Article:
Harris v. Calzetta et al

Filing 92

ORDER 1. DENYING Plaintiff's 81 Motion for Judgment as a Matter of Law; 2. GRANTING Defendants' 83 Motion for Summary Judgment; Clerk of Court to CLOSE CASE signed by Magistrate Judge Michael J. Seng on 9/16/2016. CASE CLOSED. (Sant Agata, S)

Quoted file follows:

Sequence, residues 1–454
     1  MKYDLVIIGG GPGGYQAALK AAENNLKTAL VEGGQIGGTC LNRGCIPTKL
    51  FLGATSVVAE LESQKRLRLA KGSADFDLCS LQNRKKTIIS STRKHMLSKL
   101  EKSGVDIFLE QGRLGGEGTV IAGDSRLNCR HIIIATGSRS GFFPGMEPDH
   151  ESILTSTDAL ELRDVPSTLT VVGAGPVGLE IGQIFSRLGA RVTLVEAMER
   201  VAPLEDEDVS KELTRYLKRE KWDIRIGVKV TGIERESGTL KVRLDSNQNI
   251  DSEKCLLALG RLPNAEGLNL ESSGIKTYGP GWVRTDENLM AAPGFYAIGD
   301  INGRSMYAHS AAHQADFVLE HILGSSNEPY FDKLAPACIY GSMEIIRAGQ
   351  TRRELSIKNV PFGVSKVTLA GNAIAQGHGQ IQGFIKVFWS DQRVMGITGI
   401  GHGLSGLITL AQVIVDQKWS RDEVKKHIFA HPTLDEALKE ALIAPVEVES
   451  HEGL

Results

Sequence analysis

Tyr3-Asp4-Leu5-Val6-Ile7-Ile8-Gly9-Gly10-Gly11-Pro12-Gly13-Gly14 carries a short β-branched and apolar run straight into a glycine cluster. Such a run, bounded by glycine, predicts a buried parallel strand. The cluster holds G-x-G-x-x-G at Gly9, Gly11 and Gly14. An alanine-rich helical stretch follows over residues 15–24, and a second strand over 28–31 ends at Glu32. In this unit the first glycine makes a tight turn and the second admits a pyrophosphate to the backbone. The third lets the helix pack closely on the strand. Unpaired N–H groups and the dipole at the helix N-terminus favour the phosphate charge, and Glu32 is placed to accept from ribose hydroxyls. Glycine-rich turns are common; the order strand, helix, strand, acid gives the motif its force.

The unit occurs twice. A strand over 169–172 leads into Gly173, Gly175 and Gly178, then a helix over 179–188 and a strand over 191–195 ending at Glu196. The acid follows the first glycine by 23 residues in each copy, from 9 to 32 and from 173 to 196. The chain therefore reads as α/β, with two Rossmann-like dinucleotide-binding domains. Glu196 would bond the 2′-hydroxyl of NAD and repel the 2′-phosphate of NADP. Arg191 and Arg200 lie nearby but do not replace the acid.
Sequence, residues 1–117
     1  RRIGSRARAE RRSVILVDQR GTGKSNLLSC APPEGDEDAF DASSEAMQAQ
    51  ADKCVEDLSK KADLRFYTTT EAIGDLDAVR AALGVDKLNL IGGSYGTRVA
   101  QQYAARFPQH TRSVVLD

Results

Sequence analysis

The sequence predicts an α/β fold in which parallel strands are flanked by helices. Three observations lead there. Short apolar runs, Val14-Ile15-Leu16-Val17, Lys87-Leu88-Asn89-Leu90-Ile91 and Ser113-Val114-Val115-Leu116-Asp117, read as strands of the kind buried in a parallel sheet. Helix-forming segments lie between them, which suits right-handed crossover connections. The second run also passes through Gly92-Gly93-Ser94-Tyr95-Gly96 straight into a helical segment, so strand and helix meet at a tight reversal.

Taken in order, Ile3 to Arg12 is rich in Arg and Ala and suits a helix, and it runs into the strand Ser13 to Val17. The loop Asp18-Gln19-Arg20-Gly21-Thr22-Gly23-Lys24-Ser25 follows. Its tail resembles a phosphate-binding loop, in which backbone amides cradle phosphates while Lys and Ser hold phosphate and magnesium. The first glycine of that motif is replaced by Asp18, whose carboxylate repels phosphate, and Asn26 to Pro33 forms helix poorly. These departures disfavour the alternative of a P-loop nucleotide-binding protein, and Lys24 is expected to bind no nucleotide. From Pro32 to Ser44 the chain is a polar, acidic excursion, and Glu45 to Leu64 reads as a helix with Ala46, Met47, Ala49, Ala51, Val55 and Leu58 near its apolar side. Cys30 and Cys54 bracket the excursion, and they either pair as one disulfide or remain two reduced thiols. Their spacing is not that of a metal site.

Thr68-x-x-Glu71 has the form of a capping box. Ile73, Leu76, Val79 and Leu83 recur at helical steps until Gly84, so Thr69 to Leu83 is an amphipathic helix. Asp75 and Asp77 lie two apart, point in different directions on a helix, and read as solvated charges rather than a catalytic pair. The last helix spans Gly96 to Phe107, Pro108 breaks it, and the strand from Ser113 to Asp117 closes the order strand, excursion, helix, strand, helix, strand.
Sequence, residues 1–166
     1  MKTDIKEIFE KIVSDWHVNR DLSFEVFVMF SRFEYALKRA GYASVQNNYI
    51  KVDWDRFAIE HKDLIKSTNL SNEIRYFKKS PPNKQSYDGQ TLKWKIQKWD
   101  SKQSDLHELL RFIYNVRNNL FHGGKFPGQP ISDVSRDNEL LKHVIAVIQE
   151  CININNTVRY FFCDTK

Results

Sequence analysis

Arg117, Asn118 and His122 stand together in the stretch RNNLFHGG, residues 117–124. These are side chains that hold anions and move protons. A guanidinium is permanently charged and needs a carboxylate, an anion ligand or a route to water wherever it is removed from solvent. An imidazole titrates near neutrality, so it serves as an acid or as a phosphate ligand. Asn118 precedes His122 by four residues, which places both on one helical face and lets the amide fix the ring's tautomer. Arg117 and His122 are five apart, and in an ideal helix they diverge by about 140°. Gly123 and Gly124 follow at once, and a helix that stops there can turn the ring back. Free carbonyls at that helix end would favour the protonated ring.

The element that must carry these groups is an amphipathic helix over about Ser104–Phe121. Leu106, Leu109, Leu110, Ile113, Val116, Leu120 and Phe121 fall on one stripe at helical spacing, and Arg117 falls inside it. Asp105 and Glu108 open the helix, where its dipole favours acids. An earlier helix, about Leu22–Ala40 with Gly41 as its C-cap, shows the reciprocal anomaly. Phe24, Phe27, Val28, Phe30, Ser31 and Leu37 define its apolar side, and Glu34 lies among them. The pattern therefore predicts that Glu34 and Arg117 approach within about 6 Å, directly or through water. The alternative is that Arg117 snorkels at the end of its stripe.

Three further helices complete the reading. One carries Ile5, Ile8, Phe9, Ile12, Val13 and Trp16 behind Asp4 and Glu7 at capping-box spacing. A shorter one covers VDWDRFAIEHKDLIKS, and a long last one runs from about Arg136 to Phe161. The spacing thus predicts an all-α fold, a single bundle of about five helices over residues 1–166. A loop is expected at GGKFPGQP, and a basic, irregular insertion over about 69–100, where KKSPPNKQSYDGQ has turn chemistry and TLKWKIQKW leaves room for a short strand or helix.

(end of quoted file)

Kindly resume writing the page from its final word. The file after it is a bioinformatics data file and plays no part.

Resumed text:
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1 2 3 4 5 6 7 UNITED STATES DISTRICT COURT 8 EASTERN DISTRICT OF CALIFORNIA 9 10 HENRY EUGENE HARRIS, CASE NO. 1: 13-cv-001088-MJS 11 Plaintiff, 12 13 14 15 16 17 v. DR. JUAN CALZETTA, et al., Defendants. ORDER 1. DENYING PLAINTIFF’S MOTION FOR JUDGMENT AS A MATTER OF LAW 2. GRANTING DEFENDANT’S MOTION FOR SUMMARY JUDGMENT (ECF NOS. 81, 83) CLERK OF COURT TO CLOSE CASE 18 19 20 21 22 23 24 25 26 27 28 Plaintiff is a state prisoner proceeding pro se and in forma pauperis in this civil rights action brought pursuant to 42 U.S.C. § 1983. The action proceeds on Plaintiff’s first amended complaint’s Eighth Amendment medical indifference claim against Defendant Dr. Juan Calzetta. This matter is before the undersigned for all purposes pursuant to the consent of the parties. (ECF Nos. 5, 39.) Pending before the Court is Plaintiff’s May 20, 2016, “Motion for Judgment as a Matter of Law” (ECF No. 81), which the Court construes as a motion for summary 1 2 3 judgment1, and Defendant’s May 31, 2016, motion for summary judgment (ECF No. 83). These motions are fully briefed and ready for disposition. I. 4 According to Plaintiff: 5 6 7 8 9 10 11 12 13 14 In June 2012, medical staff at Salinas Valley State Prison (“SVSP”), where Plaintiff was housed, informed Plaintiff that his kidneys were failing and that he would need to be put on dialysis. Shortly thereafter, Plaintiff had a video call with Dr. Calzetta of Natividad Medical Center Training Facility (“Natividad”). Dr. Calzetta informed Plaintiff that he would need a fistula operation to implant a balloon in Plaintiff’s upper left arm. Dr. Calzetta stated that Plaintiff’s condition rendered the need for surgery immediate, but then added that as an inmate, Plaintiff was not a priority candidate, and so surgery would be scheduled as calendars permitted. Plaintiff’s condition began to worsen. He complained to SVSP medical staff who stated they could do nothing until he had surgery. 15 16 17 18 19 20 21 On August 20, 2012, Plaintiff went to Natividad for surgery. Plaintiff told Dr. Calzetta that his condition had worsened and that he did not feel sufficiently healthy for surgery. Dr. Calzetta responded that “he did not care,” and said that if he did not undergo surgery that day he might have to wait “awhile” for it to be rescheduled. Plaintiff went forward with surgery that day. Afterwards, he became very ill and experienced vomiting, dizziness, weakness, and an inability to think straight. Dr. Calzetta did nothing to treat these symptoms, and Plaintiff was immediately transported back to SVSP. 22 23 Plaintiff’s Allegations Over the next two days, Plaintiff informed SVSP medical staff that his condition was worsening, he was experiencing tremors, and he was losing feeling in his arm and 24 25 1 26 27 28 A motion for judgment as a matter of law is one brought pursuant to Federal Rule of Civil Procedure 50(a) any time after the opposing party has been fully heard but before the case is submitted to the jury. Under that Rule, a party may move for judgment as a matter of law on the ground that “a reasonable jury would not have legally sufficient evidentiary basis to find for” the opposing party on an issue. Since this case is not yet before a jury, the Court construes Plaintiff’s motion as one for summary judgment pursuant to Rule 56 of the Federal Rules of Civil Procedure. 2 1 2 3 hand. Plaintiff was subsequently transferred to CSATF-Corcoran State Prison where he saw Dr. Nyenke. Dr. Nyenke advised Plaintiff that something had gone wrong with his surgery. 4 5 6 7 In September 2012, Plaintiff was seen by Dr. Soto at Mercy Hospital. Dr. Soto informed Plaintiff that the fistula was cut short and improperly installed during his first surgery. Dr. Soto characterized the surgery as “[b]otched” and “incompetently” done. In October 2012, Dr. Soto performed a second surgery to correct Dr. Calzetta’s mistake. 8 9 10 11 12 13 14 15 16 17 18 19 20 21 22 23 24 25 26 27 Plaintiff has since regained approximately twenty percent use of his hand and fifty percent decrease in his tremors, but he has been told he will experience pain, tremors, and the inability to fully use his hand for the rest of his life. II. Legal Standards Any party may move for summary judgment, and the Court shall grant summary judgment if the movant shows that there is no genuine dispute as to any material fact and the movant is entitled to judgment as a matter of law. Fed. R. Civ. P. 56(a); Wash. Mut. Inc. v. United States, 636 F.3d 1207, 1216 (9th Cir. 2011). Each party’s position, whether it be that a fact is disputed or undisputed, must be supported by (1) citing to particular parts of materials in the record, including but not limited to depositions, documents, declarations, or discovery; or (2) showing that the materials cited do not establish the presence or absence of a genuine dispute or that the opposing party cannot produce admissible evidence to support the fact. Fed R. Civ. P. 56(c)(1). The Court may consider other materials in the record not cited to by the parties, but it is not required to do so. Fed. R. Civ. P. 56(c)(3); Carmen v. San Francisco Unified Sch. Dist., 237 F.3d 1026, 1031 (9th Cir. 2001). Plaintiff bears the burden of proof at trial, and to prevail on summary judgment, he must affirmatively demonstrate that no reasonable trier of fact could find other than for him. Soremekun v. Thrifty Payless, Inc., 509 F.3d 978, 984 (9th Cir. 2007). Defendants do not bear the burden of proof at trial and, in moving for summary judgment, they need 28 3 1 2 only prove an absence of evidence to support Plaintiff’s case. In re Oracle Corp. Securities Litigation, 627 F.3d 376, 387 (9th Cir. 2010). 3 4 5 6 7 8 9 10 11 12 13 14 15 16 17 18 19 20 21 22 23 24 25 26 27 In judging the evidence at the summary judgment stage, the Court may not make credibility determinations or weigh conflicting evidence, Soremekun, 509 F.3d at 984, and it must draw all inferences in the light most favorable to the nonmoving party and determine whether a genuine issue of material fact precludes entry of judgment, Comite de Jornaleros de Redondo Beach v. City of Redondo Beach, 657 F.3d 936, 94 2 (9th Cir. 2011). III. Undisputed Facts At all relevant times, Plaintiff was an inmate housed at SVSP, and Dr. Calzetta was a self-employed physician specializing in vascular surgery with privileges at Natividad. Calzetta Decl. ¶ 2. Plaintiff suffers from a variety of ailments, including chronic kidney disease, Type II diabetes, and peripheral vascular disease. Raley Decl. Ex. B at 5270. In mid-July 2012, Plaintiff was diagnosed with chronic renal failure and deemed a candidate for dialysis; he was referred to a vascular surgeon for dialysis access. See id. at 3936-37, 4325, 5126, 5180-84. A. The August 7, 2012, Vascular Consultation Dr. Calzetta’s first encounter with Plaintiff was an August 7, 2012, evaluation for an AV fistula procedure on referral from Plaintiff’s medical care provider at SVSP. Calzetta Decl. ¶ 6. Dr. Calzetta conducted this evaluation face-to-face; in the course of his entire medical career, Defendant has never participated in a telemedicine video conference with a prisoner. Id. ¶ 4. Based upon the examination and Plaintiff’s medical condition, Dr. Calzetta believed it to be medically appropriate to schedule the surgery for approximately two weeks from the date of the initial vascular consultation. Calzetta Decl. ¶¶ 7-8. Plaintiff was scheduled for a fistula operation August 20, 2012. Raley Decl. Ex. B at 5083. Dr. 28 4 1 2 3 4 5 6 7 8 9 10 11 12 13 14 15 16 17 18 19 20 21 22 23 24 25 26 27 Calzetta did not personally schedule Plaintiff for the operation. Calzetta Decl. ¶ 7. The scheduling was handled by clinical personnel at the hospital and prison officials. Id. It is normal practice to perform an AV fistula procedure within a month of the initial vascular surgery consultation. Calzetta Decl. ¶ 8. The procedure is designed to supply one means of vascular access; it is considered an elective procedure and not an emergency. Id. ¶ 6. Had Dr. Calzetta believed that Plaintiff needed surgery sooner than August 20, he would have performed it sooner. Id. ¶ 8. B. The August 20, 2012, Fistula Operation On August 20, 2012, the nursing staff at Natividad, the anesthesiologist, and Dr. Calzetta examined Plaintiff pre-surgery and concluded that Plaintiff was healthy, alert, and “calm.” Calzetta Decl. ¶ 9; Raley Decl. Ex. C at 514, 523. Dr. Calzetta informed Plaintiff of the risks and side effects of the surgery. Raley Decl. Ex. B at 514. Dr. Calzetta was not aware of any symptoms or conditions that indicated Plaintiff should not undergo the procedure. Calzetta Decl. ¶ 10. The AV fistula graft was performed on Plaintiff’s left arm with no complications. Raley Decl. Ex. B at 5075-76, Ex. C at 539. Dr. Calzetta performed the surgery in the same manner and within the expected timeframe as he would have performed it for a non-incarcerated patient. Calzetta Decl. ¶ 11. Natividad nurse’s notes indicate that immediately following the procedure Plaintiff was awake and alert, denied pain, and displayed no redness or swelling at the surgical site. Raley Decl. Ex. C at 546. A nurse then monitored Plaintiff’s condition 7 times between 12:45 p.m. and 1:45 p.m.; at no point during these visits were Plaintiff’s complaints of pain any higher than a 2/10. See id. Plaintiff was discharged that same day with post-operative care instructions and a prescription for Norco for pain. Id. at 51011. Dr. Calzetta never saw Plaintiff again after August 20, 2012. Upon his return to SVSP, Plaintiff was examined for 15 minutes by a nurse. He denied shortness of breath, diaphoresis or chest pain. Raley Decl. Ex. B at 3933. There 28 5 1 2 3 4 was no swelling, bleeding or discharge at the incision site. Id. Plaintiff’s pain level was noted as 5/10, and he was directed to see a nurse in a day and follow-up with his primary care physician in three days. Id. No other follow-up was recommended, and he was cleared to return to housing that day. Id. 5 C. 6 7 8 9 10 11 On August 28, 2012, Plaintiff was re-admitted to Natividad with complaints of nausea and vomiting, headache, and shortness of breath. Raley Decl. Ex. B at 4982-85. The notes also indicate that Plaintiff had left arm pain that worsened since the August 20, 2012, operation. See id. On August 29, 2012, Plaintiff was examined by Dr. Barbara Rever at Natividad, who noted that Plaintiff’s left arm “has good functioning AV fistula; it is ready, maturing.” Id. at 4983. Plaintiff was discharged on September 12, 2012. 12 13 14 15 16 17 18 19 20 On November 19, 2012, Plaintiff was admitted to Mercy Hospital where he was diagnosed with left arm steal syndrome. Raley Decl. Ex. D at 478. Steal syndrome is a clinical condition caused by arterial insufficiency distal to a hemodialysis AV fistule or a graft due to diversion of blood into the fistula or graft. Harris Decl. ¶ 23. It is characterized by hand pain, weakness, and diminished or altered sensation, among other things, and can progress to irreversible neuropathy, loss of function, gangrene, digit loss and limb loss. Id. Although rare, it is a known complication of an AV fistula and can occur in the absence of negligence. Id. Patients, like Plaintiff, with diabetes and peripheral vascular disease are at a higher risk for this condition. Id. 21 22 23 24 25 26 27 Post-Operation At Mercy Hospital, Plaintiff was evaluated by Dr. Soto and then underwent a drill procedure and placement of a 6 mm graft with drainage from the brachial artery to the distal brachial artery. Raley Decl. Ex. D at 530-31. Plaintiff was discharged on November 22, 2012. Id. IV. Discussion “[D]eliberate indifference to serious medical needs of prisoners constitutes the unnecessary and wanton infliction of pain, proscribed by the Eighth Amendment. This is 28 6 1 2 3 4 5 true whether the indifference is manifested by prison doctors in their response to the prisoner's needs or by prison guards in intentionally denying or delaying access to medical care or intentionally interfering with the treatment once prescribed.” Estelle v. Gamble, 429 U.S. 97, 104-05 (1976) (internal citations, punctuation and quotation marks omitted). 6 7 8 9 “Prison officials are deliberately indifferent to a prisoner's serious medical needs when they ‘deny, delay or intentionally interfere with medical treatment.’” Wood v. Housewright, 900 F.2d 1332, 1334 (9th Cir. 1990) (quoting Hutchinson v. United States, 838 F.2d 390, 394 (9th Cir. 1988)). 10 11 12 13 14 15 16 17 18 19 20 21 22 23 24 25 26 27 “In the Ninth Circuit, the test for deliberate indifference consists of two parts. First, the plaintiff must show a serious medical need by demonstrating that failure to treat a prisoner's condition could result in further significant injury or the unnecessary and wanton infliction of pain. Second, the plaintiff must show the defendant's response to the need was deliberately indifferent. This second prong … is satisfied by showing (a) a purposeful act or failure to respond to a prisoner's pain or possible medical need and (b) harm caused by the indifference.” Jett v. Penner, 439 F.3d 1091, 1096 (9th Cir. 2006) (internal citations, punctuation and quotation marks omitted); accord, Wilhelm v. Rotman, 680 F.3d 1113, 1122 (9th Cir. 2012); Lemire v. CDCR, 726 F.3d 1062, 1081 (9th Cir. 2013). To state a claim for deliberate indifference to serious medical needs, a prisoner must allege that a prison official “kn[ew] of and disregard[ed] an excessive risk to inmate health or safety; the official must both be aware of the facts from which the inference could be drawn that a substantial risk of serious harm exists, and he must also draw the inference.” Farmer v. Brennan, 511 U.S. 825, 837 (1994). The undisputed facts in this case demonstrate that Defendant Dr. Calzetta’s involvement in Plaintiff’s medical care was limited to the following: He first saw Plaintiff on August 7, 2012, for a vascular surgery consultation. Dr. Calzetta agreed with the 28 7 1 2 3 4 5 6 7 8 9 10 11 12 13 14 15 16 17 18 19 20 21 22 23 24 25 26 27 determination that Plaintiff was eligible for surgery. Plaintiff was then scheduled by someone other than Dr. Calzetta for surgery August 20, 2012. On that date, Dr. Calzetta examined Plaintiff and determined that he was healthy and suitable for surgery; Dr. Calzetta performed the surgery as he would have for a non-incarcerated patient; and Dr. Calzetta discharged Plaintiff without distress or complications from the surgery. Plaintiff’s complaint is premised, first, on Dr. Calzetta’s alleged delay in scheduling the fistula operation. Plaintiff contends that despite his chronic renal failure, surgery was delayed only because he was incarcerated. Plaintiff, however, presents no evidentiary support for this claim. There is no evidence to refute Defendant’s evidence that he never conducted a telemedicine appointment with Plaintiff and did not see Plaintiff in July 2012. There is no evidence to refute the evidence by Defendant that August 7, 2012, was the first contact between the two. There is no evidence to refute Dr. Calzetta’s evidence that the August 20, 2012, surgery appointment was scheduled by someone other than Dr. Calzetta. Moreover, Defendant’s medical expert, Dr. John Harris, opines in an unopposed declaration that this 2-week interval is an appropriately paced response to an end-stage renal disease diagnosis for a non-incarcerated patient. Harris Decl. ¶ 12. In the absence of a dispute as to these or any other facts material to this claim, this issue must be summarily adjudicated in favor of Defendant. Plaintiff next asserts that Dr. Calzetta violated his constitutional rights when he performed the surgery despite Plaintiff’s complaints of ill health. The record does not support this claim. Plaintiff was examined by Dr. Calzetta, an anesthesiologist, and nursing staff immediately before the procedure; in none of their records is there any suggestion that the surgery was contraindicated by Plaintiff’s health. Instead, the records indicate Plaintiff was alert, calm, and healthy. Lastly, Plaintiff contends that Dr. Calzetta “botched” the AV fistula operation permanently injuring Plaintiff’s left arm. In response, Defendant’s medical expert, Dr. 28 8 1 2 3 4 Harris, opines that Dr. Calzetta complied in all respects with the applicable standard of care for a vascular surgeon. Harris Decl. ¶ 8. Plaintiff’ is not a trained medical professional capable of opining on the proper standard of care in these situations, and his dispute with Dr. Harris’s opinions lacks competent support. 5 6 7 8 9 10 11 12 13 14 15 16 17 18 19 As noted supra, “[d]eliberate indifference is a high legal standard.” Toguchi v. Chung, 391 F.3d 1051, 1060 (9th Cir. 2004). A showing of medical malpractice or negligence is insufficient to establish a constitutional deprivation under the Eighth Amendment.” Id. “[E]ven gross negligence is insufficient to establish a constitutional violation.” Id. (citing Wood, 900 F.2d at 1334. Here, even a favorable construction of the facts in Plaintiff’s favor convinces the undersigned that there is nothing in the record to demonstrate that Dr. Calzetta’s pre- or post-operation conduct rose to the level of a constitutional violation. As Plaintiff has not met the deliberate indifference standard and since the record demonstrates that Dr. Calzetta complied with the applicable standard of care for a vascular surgeon, the Court must enter summary judgment for Defendant. In light of this conclusion, the Court declines to reach Defendant’s argument that he is entitled to qualified immunity. V. Conclusion Based on the foregoing, IT IS HEREBY ORDERED that: 1. Plaintiff’s May 20, 2016, motion for judgment as a matter of law (ECF No. 81) 20 21 is DENIED; 2. Defendant’s May 31, 2016, motion for summary judgment (ECF No. 83) is 22 23 24 25 GRANTED; 3. Judgment is entered for Defendant on Plaintiff’s Eighth Amendment claim; and 4. The Clerk of Court is directed to close this case. IT IS SO ORDERED. 26 27 Dated: September 16, 2016 /s/ Michael J. Seng UNITED STATES MAGISTRATE JUDGE 28 9 1 5. 2 3 4 5 6 7 8 9 10 11 12 13 14 15 16 17 18 19 20 21 22 23 24 25 26 27 28 10